As the gate voltage changes from 0 to 1.2 V, the Fermi energy increases from 143 to 254 meV after applied solid electrolyte, showing the lifting of the Fermi level into the conduction band (Table 1). Also the lifetime and Fermi velocity give remarkable values approaching ~10^{−13} s and 10^{6} cm s^{−1}, respectively, which are approximate to previous transport results of the bulk material.^{12, 19} With continuous electron doping by applying even larger positive V_{G}, the Fermi level goes further into the conduction band and the amplitude of the SdH oscillations gets significantly weakened and finally vanishes, suggesting increasing scattering deep into the conduction band (Figures 4a and d; Supplementary Figure S10). To further understand the gatetunable SdH oscillations, Berry’s phase has been evaluated from the Landau fan diagram as shown in Figure 4c. Here we assign integer indices to the ΔR_{xx} peak positions in 1/B and half integer indices to the ΔR_{xx} valley positions.^{44} According to the Lifshitz–Onsager quantization rule^{44}: , the Berry’s phase Φ_{B} can be extracted from the intercept, γ, in the Landau fan diagram by γ=. For nontrivial π Berry’s phase, γ should be 0 or 1, as shown in previous experiments for bulk Cd_{3}As_{2}.^{19} In our samples, under different gate voltages the intercept remains close to 0.5, indicating a trivial zero Berry’s phase. The presence of zero Berry’s phase reveals that the SdH oscillations mainly derive from the high mobility bulk conduction band. With the dimensionality reduced from bulk to thin film, Cd_{3}As_{2} exhibits a transition from topological Dirac semimetal to trivial band insulator.^{7} The Dirac point vanishes following the band gap opening. Even so, the advantage of high mobility in the Cd_{3}As_{2} bulk material is preserved along with the small effective mass and long lifetime although a large linear MR^{12} is absent here. The detailed magnetotransport mechanism for both the bulk and thin film of Cd_{3}As_{2} remains elusive at this stage and it deserves further investigation.
Angulardependent measurements were also employed for each gate voltage showing SdH oscillations. As the magnetic field is tilted away from the sample normal, the amplitude of the SdH oscillations starts to decrease as long as the angle passes 45° (Supplementary Section SVI, Supplementary Figure S11), presumably attributed to the anisotropic FS arising from the quantum confinement in the normal direction.^{7} This may explain the deviation from the bulk materials in which the SdH oscillations were observable from 0° to 90°.^{12} Furthermore, we use polar plots to identify the anisotropy of the MR.^{12} Below 1 T, the MR is nearly isotropic under different gate voltage (Figure 5a). As the magnetic field increases, the polar plots assume a dipolar pattern (Figure 5b). When increasing further the gate voltage, the dipolar component decreases, giving the trend of crossover to isotropic behavior (Figure 5c). We note that, with increasing the carrier density, it needs larger magnetic field to make the FS occupy the same Landau level. Indeed, the polar plot of 1.2 V at 9 T displays a similar pattern to that of 0 V at 5 T (Figures 5b and c), indicating the reduction of anisotropy by either lifting up E_{F} or decreasing B. (Figure 5c). Inspired by the previous transport analysis, when the Fermi level moves into the conduction band, the anisotropy could be reduced with the enhancement of the scattering processes as evidenced by the decrease of both Hall and quantum mobility. The former one is affected by large angle scattering, that is, the transport scattering, while the latter is influenced by both small and large angle scattering (Supplementary Figure S3 and Table 1). According to the study of bulk materials,^{12} the anisotropy mainly originates from the anisotropic transport scattering. With increasing gate voltage, the quantum mobility decreases from ~8000 to ~2700 cm^{2} V^{−1} s^{−1} while the Hall mobility decrease from ~3600 to ~2500 cm^{2} V^{−1} s^{−1}. The more rapid reduction of the quantum lifetime reduces the role of transport scattering, leading to the reduction of the anisotropy. This behavior can also be verified by the Kohler’s plots (Supplementary Section SIV).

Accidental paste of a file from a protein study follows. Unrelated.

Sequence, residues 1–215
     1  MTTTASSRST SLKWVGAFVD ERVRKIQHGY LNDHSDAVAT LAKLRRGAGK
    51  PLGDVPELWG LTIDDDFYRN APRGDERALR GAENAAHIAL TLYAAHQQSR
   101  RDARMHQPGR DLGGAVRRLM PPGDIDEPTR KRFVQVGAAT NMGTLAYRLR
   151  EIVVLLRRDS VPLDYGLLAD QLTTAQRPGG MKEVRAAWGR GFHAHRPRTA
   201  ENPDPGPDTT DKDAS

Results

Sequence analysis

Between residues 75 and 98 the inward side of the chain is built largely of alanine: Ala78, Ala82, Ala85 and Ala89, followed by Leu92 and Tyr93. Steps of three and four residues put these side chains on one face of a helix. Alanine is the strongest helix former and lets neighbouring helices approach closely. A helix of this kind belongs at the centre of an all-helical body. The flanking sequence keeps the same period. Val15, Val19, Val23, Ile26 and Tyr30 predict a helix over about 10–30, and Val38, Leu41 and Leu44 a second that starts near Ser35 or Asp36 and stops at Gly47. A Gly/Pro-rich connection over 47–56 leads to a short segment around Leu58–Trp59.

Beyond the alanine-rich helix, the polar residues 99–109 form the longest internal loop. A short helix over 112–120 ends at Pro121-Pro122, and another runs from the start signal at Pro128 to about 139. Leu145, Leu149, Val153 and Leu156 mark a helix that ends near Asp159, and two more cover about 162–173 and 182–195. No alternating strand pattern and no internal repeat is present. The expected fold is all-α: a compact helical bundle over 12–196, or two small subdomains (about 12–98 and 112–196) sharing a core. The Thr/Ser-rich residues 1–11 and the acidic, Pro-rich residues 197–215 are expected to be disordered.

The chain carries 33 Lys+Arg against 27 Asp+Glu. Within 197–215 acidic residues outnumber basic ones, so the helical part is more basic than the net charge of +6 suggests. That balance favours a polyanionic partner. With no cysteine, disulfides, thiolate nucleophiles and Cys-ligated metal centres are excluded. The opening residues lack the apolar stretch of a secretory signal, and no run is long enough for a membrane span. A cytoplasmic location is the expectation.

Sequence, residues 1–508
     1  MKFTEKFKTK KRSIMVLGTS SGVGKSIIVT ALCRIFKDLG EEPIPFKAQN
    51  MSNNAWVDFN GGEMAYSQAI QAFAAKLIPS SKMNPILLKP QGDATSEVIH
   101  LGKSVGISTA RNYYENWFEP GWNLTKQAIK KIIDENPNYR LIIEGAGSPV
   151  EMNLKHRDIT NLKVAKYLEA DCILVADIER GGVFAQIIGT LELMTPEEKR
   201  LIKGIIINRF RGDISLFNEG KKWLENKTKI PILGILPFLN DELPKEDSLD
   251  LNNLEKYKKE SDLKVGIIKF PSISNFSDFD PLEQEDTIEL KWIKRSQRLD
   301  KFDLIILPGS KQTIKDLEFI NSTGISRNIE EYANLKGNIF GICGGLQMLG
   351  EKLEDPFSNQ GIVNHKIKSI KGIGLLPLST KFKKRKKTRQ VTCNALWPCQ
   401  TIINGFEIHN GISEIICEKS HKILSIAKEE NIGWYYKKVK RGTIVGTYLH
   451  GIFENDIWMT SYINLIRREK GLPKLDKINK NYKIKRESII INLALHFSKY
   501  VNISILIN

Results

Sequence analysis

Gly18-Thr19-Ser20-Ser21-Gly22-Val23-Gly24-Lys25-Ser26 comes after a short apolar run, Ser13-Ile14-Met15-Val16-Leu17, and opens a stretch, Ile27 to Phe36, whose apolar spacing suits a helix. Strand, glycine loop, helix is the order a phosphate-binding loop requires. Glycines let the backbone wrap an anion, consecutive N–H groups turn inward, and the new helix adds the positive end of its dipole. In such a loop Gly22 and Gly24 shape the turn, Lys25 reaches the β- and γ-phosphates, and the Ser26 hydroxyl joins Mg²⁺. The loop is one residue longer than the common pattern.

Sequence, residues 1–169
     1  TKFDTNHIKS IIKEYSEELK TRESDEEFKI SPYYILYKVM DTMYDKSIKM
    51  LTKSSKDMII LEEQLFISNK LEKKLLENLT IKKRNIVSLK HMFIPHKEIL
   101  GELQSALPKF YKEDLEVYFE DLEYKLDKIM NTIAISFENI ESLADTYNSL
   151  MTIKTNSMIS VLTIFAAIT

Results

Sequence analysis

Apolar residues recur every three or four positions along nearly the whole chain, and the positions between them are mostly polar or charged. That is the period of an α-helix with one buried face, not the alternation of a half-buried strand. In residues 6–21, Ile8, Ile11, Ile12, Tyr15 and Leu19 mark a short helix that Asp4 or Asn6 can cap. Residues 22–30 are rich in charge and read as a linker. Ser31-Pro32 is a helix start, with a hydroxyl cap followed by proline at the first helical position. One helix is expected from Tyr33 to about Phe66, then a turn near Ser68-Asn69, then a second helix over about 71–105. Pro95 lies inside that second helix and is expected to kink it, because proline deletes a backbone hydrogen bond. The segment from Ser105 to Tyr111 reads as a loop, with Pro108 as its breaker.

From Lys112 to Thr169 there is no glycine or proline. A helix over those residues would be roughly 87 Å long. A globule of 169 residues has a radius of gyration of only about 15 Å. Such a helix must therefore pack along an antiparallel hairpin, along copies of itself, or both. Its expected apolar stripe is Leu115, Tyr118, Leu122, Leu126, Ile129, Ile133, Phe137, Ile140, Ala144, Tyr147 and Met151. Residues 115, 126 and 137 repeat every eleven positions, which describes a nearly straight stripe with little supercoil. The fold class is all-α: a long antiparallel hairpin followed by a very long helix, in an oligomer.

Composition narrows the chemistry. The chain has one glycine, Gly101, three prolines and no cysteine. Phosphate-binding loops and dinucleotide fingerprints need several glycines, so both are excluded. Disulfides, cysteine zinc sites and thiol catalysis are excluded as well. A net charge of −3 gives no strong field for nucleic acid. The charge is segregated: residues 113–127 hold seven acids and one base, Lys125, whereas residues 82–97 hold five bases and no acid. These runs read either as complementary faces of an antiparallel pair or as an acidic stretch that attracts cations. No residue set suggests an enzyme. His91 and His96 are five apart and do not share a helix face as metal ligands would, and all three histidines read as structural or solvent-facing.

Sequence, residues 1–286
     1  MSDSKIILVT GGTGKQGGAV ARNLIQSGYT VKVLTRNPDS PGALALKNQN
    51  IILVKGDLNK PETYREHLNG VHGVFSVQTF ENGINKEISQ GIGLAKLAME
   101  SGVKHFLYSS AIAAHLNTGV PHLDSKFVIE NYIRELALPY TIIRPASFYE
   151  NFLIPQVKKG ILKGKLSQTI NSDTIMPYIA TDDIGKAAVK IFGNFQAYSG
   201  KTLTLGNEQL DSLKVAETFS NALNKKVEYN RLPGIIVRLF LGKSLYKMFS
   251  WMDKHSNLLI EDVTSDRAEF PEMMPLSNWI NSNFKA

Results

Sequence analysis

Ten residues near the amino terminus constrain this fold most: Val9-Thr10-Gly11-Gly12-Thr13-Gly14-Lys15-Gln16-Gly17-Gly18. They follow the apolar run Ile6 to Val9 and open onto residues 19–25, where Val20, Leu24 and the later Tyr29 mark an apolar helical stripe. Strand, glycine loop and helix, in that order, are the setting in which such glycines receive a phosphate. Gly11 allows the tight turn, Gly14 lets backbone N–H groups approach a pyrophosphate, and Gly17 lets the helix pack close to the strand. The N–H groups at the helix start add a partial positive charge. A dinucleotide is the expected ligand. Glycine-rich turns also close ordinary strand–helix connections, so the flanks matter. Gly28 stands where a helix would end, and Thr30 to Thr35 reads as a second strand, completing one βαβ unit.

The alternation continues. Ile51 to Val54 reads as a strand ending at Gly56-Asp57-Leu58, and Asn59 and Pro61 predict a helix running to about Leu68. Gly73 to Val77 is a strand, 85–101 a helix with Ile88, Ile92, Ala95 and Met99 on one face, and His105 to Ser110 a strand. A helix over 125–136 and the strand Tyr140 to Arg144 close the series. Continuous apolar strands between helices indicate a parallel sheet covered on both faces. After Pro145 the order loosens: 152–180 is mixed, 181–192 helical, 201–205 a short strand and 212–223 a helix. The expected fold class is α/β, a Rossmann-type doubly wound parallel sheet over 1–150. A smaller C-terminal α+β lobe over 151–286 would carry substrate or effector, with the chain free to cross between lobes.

Conclusion
In conclusion, taking advantage of the high capacitance of the solid electrolyte, we demonstrate for the first time a gatetunable transition of band conduction to hopping conduction in singlecrystalline Cd_{3}As_{2} thin films grown by molecular beam epitaxy. The twocarrier transport along with the controllable R_{xx}–T suggests that Cd_{3}As_{2} can generate a small band gap as the system reduces dimensionality. Importantly, SdH oscillations emerge when the Fermi level enters into the conduction band with high electron mobility. Thus, Cd_{3}As_{2} thin film systems hold promise for realizing ambipolar field effect transistors and for observing intriguing quantum spin Hall effect.
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Acknowledgements
This work was supported by the National Young 1000 Talent Plan, Pujiang Talent Plan in Shanghai, Ministry of Science and Technology of China (973 Project Nos.2013CB923901) and National Natural Science Foundation of China (61322407, 11474058, 61474061, 11274066, U1330118). Part of the sample fabrication was performed at Fudan Nanofabrication Laboratory. We thank Mr Yijun Yu and Professor Yuanbo Zhang for great assistance on solid electrolyte. We thank Professor Shiyan Li for the inspiring discussions. AN acknowledges support from the Irish Research Council under the EMBARK initiative. SS acknowledges support from the European Research Council (QUEST project).
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Liu, Y., Zhang, C., Yuan, X. et al. Gatetunable quantum oscillations in ambipolar Cd_{3}As_{2} thin films. NPG Asia Mater 7, e221 (2015). https://doi.org/10.1038/am.2015.110
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DOI: https://doi.org/10.1038/am.2015.110